He is the Rock, his works are perfect,
    and all his ways are just.
A faithful God who does no wrong,
    upright and just is he.

Moses had seen a lot of nasty stuff in his day, but this is the conclusion he came to after his long and tumultuous life. Regardless of events or circumstances that might appear imperfect, unjust, or wrong to us, they are not because God is orchestrating this ultimate reality show we call life to its perfect end. He clearly uses sinful, fallen means to achieve his righteous ends. Just look at the cross.

The only other option to the the true and living God is idols, and he calls them over and over again in this chapter, like he’s done in others, what they are, nothing. The choice is a stark one. We either find in him all our meaning, hope, fulfillment, purpose, significance, acceptance, everything humans crave, in him, or try to find it in illusions. But many people will go to their graves clinging to those very illusions. The perfect end I refer to ends this chapter:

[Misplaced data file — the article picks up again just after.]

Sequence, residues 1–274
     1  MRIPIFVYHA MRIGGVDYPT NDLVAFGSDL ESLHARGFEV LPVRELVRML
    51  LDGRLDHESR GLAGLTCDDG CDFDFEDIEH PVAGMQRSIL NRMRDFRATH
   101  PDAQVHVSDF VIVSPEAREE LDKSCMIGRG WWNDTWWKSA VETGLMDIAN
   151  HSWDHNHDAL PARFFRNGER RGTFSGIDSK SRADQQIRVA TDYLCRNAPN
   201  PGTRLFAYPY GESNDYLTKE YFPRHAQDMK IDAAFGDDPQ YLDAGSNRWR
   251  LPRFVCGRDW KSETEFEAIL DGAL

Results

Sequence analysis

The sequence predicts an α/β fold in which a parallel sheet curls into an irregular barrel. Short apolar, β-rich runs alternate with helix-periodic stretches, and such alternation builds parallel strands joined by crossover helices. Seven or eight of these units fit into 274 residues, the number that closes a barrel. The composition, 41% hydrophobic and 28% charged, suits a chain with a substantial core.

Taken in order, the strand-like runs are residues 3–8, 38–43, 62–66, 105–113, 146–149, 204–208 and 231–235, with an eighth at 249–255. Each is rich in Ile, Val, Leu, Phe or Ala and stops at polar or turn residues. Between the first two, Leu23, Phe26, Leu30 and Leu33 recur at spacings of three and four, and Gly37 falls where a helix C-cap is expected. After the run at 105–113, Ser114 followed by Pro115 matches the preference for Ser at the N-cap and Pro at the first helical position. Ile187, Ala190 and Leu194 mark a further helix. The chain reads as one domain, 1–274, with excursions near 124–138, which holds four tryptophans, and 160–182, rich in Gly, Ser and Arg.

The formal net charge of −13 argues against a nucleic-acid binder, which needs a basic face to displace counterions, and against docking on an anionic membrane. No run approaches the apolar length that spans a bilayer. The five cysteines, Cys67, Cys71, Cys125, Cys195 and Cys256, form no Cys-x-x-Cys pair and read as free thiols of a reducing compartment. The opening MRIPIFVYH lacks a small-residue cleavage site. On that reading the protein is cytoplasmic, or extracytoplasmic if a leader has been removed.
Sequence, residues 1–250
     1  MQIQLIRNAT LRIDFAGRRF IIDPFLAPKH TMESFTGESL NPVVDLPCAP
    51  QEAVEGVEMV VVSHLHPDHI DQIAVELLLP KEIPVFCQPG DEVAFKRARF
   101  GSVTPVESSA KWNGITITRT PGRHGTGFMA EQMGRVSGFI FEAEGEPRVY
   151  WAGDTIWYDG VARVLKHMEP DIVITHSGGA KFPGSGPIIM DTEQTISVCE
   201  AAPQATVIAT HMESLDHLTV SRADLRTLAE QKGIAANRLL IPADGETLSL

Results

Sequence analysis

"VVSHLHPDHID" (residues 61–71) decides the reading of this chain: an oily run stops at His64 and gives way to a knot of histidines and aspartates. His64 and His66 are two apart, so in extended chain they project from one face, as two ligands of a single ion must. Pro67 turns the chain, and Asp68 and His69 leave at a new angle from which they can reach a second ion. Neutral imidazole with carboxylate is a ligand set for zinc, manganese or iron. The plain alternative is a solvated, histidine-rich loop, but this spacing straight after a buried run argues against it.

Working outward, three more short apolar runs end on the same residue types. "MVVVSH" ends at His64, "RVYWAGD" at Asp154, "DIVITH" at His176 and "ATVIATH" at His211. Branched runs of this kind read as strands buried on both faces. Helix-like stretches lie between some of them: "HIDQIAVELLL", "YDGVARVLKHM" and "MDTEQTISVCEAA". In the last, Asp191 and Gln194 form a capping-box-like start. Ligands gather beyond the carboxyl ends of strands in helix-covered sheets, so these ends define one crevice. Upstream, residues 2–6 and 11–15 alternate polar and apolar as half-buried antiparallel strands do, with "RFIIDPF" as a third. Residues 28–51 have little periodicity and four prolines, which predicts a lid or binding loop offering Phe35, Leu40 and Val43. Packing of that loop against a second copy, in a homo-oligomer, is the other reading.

22 “Turn to me and be saved,
    all you ends of the earth;
    for I am God, and there is no other.
23 By myself I have sworn,
    my mouth has uttered in all integrity
    a word that will not be revoked:
Before me every knee will bow;
    by me every tongue will swear.
24 They will say of me, ‘In the Lord alone
    are deliverance and strength.’”
All who have raged against him
    will come to him and be put to shame.
25 But all the descendants of Israel
    will find deliverance in the Lord
    and will make their boast in him.

Notice the Lord makes a universal plea hearkening back to “all the peoples of the earth” who will be blessed through his promise to Abraham, and that his offspring would be as numerous as the stars in the sky. This we now know was all accomplished with perfect justice in Christ, and before him, every knee will bow, and every tongue confess. Here the stark choice has its ultimate fulfillment, the sheep and the goats. There will be those who bow down and worship in gratitude for his “deliverance and strength,” and those who “have raged against him.” I love how God’s vision is always eschatological. These descendants were those promised to Adam and Eve, through Noah, Abraham and the Patriarchs. These are us! And the Lord God, Jesus Christ, is our only boast!